Anglo American Platinum (AMS) Ltd. is suing a South African union that is on strike at the world’s largest producers of the metal and said pressure is growing on the labor group over its three-week walkout.
More than 70,000 Association of Mineworkers and Construction Union members have been on strike since Jan. 23 at Anglo American Platinum, Impala Platinum (IMP) Holdings Ltd. and Lonmin Plc. (LMI) They are demanding that monthly wages for the lowest-paid underground workers be more than doubled.
Amplats, as the Johannesburg-based company is known, is suing the AMCU for 591 million rand ($54 million), spokeswoman Mpumi Sithole said today in an e-mail. The company is claiming for damage to property, increased security costs and production losses caused by non-striking employees being prevented from going to work, Sithole said.
Combined lost revenue at the three companies has reached about $315 million, with strikers giving up $140 million in pay, a spokesman for the producers said in a statement today. South Africa accounts for about 70 percent of global production of the metal used in jewelry and catalytic converters for vehicles.
Amplats is producing 5,000 ounces a day and has lost more than 60,000 ounces valued at 1.5 billion rand, Chief Executive Officer Chris Griffith said at a presentation during parent Anglo American Plc (AAL)’s results in London today. “We are still selling stock. We sold just over 200,000 ounces in January so we continue our sales because of the stock we built up.”
Impala Platinum is preparing for the strike to last until May as talks to resolve the deadlock make little progress, Johan Theron, a spokesman for the Johannesburg-based company, said by phone.
“It was always important to see if the parties could make some headway during the first three weeks” of the walkout, Theron said. The AMCU “hasn’t moved a centimeter.”
The AMCU may be losing members as workers face a second month without pay, Chris Griffith at Amplats said. “The pressure against AMCU is rising from all different scenarios.”
Talks scheduled for today between the AMCU and the Commission for Conciliation, Mediation and Arbitration were delayed to Feb. 17, the mediator said in a statement. Union negotiators were preparing for the funeral of an AMCU official killed during a protest at Amplats’s Union mine on Feb. 7, union leader Joseph Mathunjwa said by phone.
Mathunjwa’s union has displaced the National Union of Mineworkers as the dominant labor force on South Africa’s platinum belt, winning support partly through its aggressive wage demands. It wants pay for entry-level workers to rise to 12,500 rand and has rejected an offer for increases of as much as 9 percent made in mediated talks.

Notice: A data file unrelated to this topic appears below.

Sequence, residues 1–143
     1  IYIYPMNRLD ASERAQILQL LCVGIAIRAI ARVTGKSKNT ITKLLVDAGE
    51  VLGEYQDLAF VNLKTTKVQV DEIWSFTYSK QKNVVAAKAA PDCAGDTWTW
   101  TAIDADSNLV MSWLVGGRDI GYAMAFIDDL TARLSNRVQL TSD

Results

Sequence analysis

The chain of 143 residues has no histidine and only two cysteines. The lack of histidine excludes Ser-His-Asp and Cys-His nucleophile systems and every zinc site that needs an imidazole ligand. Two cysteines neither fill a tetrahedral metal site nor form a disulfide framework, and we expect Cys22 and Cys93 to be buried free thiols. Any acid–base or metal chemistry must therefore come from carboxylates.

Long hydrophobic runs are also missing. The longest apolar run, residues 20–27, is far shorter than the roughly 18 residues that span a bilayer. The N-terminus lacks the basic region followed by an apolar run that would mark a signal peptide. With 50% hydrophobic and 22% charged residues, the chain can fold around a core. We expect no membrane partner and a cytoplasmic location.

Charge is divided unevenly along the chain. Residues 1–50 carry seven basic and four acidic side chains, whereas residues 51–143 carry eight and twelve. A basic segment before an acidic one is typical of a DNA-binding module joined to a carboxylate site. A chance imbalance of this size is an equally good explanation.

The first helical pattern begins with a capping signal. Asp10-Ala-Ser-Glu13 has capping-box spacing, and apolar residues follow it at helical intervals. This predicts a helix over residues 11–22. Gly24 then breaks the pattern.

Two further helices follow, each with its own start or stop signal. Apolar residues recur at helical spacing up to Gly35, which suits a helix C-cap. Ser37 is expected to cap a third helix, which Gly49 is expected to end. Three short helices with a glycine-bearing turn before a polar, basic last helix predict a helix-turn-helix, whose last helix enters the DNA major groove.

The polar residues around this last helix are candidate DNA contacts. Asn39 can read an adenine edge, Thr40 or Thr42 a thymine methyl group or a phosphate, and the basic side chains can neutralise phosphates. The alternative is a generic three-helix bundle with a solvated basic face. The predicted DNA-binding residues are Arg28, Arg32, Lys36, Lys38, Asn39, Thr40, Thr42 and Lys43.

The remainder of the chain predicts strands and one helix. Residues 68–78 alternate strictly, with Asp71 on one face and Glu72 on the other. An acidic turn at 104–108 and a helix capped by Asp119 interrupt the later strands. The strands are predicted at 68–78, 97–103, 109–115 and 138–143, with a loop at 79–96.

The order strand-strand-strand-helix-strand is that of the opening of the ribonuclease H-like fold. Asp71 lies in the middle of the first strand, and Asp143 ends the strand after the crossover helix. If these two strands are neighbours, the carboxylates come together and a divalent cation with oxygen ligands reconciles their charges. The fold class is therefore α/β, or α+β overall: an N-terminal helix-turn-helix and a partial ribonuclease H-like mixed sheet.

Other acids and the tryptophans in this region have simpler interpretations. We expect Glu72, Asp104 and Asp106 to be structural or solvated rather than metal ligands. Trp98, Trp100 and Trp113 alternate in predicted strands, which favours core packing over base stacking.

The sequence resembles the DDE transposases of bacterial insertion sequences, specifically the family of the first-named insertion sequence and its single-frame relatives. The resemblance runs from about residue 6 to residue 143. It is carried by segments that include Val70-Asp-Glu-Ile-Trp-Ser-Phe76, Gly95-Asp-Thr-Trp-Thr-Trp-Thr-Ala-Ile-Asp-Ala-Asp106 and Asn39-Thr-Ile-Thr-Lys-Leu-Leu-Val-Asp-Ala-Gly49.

The NUM is critical of the AMCU’s tactics, arguing they will lead to job cuts.
“When you get stuck in saying just 12,500, nothing less, nothing more, I don’t regard that as negotiations or as the way to find a settlement,” Senzeni Zokwana, president of the NUM, said in a phone interview yesterday. Zokwana is the second president of the union, founded in 1982.
The only way the companies can recoup the money lost during the strike will be through cutting jobs, he said. “Since 1987, whenever we take a longer strike, the outcome of the longer strike will be the application of section 189, which will result in job losses.” The legislation covers the firing of workers because of reduced operational needs.
The death of the AMCU organizer a week ago during protests at Amplats followed other strike violence. Police fired rubber bullets and water cannon to disperse a crowd of 3,000 at Amplats’ Khuseleka mine on Feb. 4.
Impala sent non-striking workers on paid leave after employees were blocked from reporting for duty, Theron said Feb. 3.
“We’re concerned, because if nothing is being done at Anglo Platinum, then the same intimidation can be used as well at Lonmin, because if you’re not deterred from doing things that are unconstitutional, then law can’t prevail,” the NUM’s Zokwana said.
At least 44 people, including 34 killed by police in a single day, died during weeks of protests at Lonmin’s Marikana mine in August 2012. South African President Jacob Zuma yesterday called for an end to violent mining strikes and street protests.
“In no way can we have conflict that destroys the economy,” Zuma said in his state-of-the-nation speech to Parliament in Cape Town. “When protests threaten lives and property and destroy valuable infrastructure intended to serve the community, they undermine the very democracy that upholds the right to protest.”
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